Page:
In this demonstration a bottle is filled with water and allowed to freeze. The water expands as it freezes which breaks the bottle. This is useful when teaching about the weathering of rocks and freeze-thaw.

Demonstration

In this demonstration a bottle is filled with water and allowed to freeze. The water expands as it freezes which breaks the bottle. This is useful when teaching about the weathering of rocks and freeze-thaw.

Lesson organisation

This demonstration can be set up in one lesson and left in the freezer until the next. The demonstration itself takes only a few minutes.

Apparatus Chemicals

Per demonstration:

Glass bottle with a lid (Note 1)

Plastic zip-lock type bag (Note 2)

Water

Refer to Health & Safety and Technical notes section below for additional information.

 Health & Safety and Technical notes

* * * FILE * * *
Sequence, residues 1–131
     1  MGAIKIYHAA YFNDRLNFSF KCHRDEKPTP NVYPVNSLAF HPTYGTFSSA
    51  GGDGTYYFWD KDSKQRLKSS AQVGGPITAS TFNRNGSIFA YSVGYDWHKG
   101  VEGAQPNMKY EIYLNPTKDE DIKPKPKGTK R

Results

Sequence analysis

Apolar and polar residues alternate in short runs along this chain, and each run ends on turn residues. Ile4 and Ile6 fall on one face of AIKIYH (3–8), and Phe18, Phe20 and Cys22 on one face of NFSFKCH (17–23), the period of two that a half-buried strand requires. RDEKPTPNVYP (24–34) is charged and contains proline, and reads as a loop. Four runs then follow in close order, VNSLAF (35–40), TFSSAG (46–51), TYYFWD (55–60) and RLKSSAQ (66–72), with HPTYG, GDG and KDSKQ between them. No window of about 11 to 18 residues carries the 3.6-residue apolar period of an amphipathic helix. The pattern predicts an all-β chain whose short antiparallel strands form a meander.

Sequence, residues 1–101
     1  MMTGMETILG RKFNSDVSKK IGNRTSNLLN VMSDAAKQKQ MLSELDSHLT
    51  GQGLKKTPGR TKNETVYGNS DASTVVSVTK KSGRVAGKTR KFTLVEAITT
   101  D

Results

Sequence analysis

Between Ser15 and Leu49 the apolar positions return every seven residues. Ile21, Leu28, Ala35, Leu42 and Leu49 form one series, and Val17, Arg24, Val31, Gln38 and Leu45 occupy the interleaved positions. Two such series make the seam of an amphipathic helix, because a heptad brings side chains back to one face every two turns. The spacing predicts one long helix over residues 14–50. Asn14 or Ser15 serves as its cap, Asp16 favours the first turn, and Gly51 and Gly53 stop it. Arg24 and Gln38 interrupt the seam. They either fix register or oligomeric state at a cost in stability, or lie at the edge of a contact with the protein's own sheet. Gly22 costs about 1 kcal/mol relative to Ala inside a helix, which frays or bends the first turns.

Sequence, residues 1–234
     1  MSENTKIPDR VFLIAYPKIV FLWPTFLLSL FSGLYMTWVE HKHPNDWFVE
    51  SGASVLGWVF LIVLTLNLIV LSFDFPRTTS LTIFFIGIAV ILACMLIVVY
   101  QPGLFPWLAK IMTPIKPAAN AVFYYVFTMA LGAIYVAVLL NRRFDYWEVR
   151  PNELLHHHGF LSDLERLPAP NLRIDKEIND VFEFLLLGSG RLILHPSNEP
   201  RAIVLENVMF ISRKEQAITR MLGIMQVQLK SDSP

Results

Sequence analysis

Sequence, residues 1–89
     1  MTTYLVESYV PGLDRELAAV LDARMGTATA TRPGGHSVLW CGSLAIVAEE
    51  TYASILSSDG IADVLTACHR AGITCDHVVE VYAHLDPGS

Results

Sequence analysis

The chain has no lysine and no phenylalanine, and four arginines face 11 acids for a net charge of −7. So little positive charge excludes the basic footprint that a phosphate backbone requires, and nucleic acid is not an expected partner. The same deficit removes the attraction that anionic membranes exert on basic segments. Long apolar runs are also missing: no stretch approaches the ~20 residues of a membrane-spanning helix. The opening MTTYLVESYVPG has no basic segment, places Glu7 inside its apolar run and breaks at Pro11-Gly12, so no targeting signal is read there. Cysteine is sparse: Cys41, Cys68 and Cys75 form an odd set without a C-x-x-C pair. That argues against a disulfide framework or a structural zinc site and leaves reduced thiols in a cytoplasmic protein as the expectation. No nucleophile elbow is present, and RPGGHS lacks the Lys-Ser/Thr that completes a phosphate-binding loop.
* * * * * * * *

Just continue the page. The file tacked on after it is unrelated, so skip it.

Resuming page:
Read our standard health & safety guidance

1 A thin walled glass bottle with a screw-top lid is ideal.

2 A thick plastic bag is best as it will need to contain broken glass. The bag needs to be see-through.

Procedure

a Fill the bottle as full as you can and attach the lid.

b Dry the outside of the bottle, place into the plastic bag and seal it.

c Put into the freezer at least overnight.

Next lesson

a Remove the bag from the freezer and observe the broken bottle.

Teaching notes

This demonstration shows the very unusual property which water has of expanding when it freezes. In the liquid state water molecules can pack more closely together than in the crystal structure of ice. This means the ice is less dense and so takes up more space than the liquid. It might be worth emphasising to the students that this is an unusual property and most substances become more dense as solids.

This property contributes to the physical weathering of rocks. Rocks which absorb water and then freeze can be broken down as the water expands.

The broken bottle can be put back into the freezer and used again later to show to another class.

Health & Safety checked, August 2016

Credits

This Practical Chemistry resource was developed by the Nuffield Foundation and the Royal Society of Chemistry.

© Nuffield Foundation and the Royal Society of Chemistry

Page last updated October 2015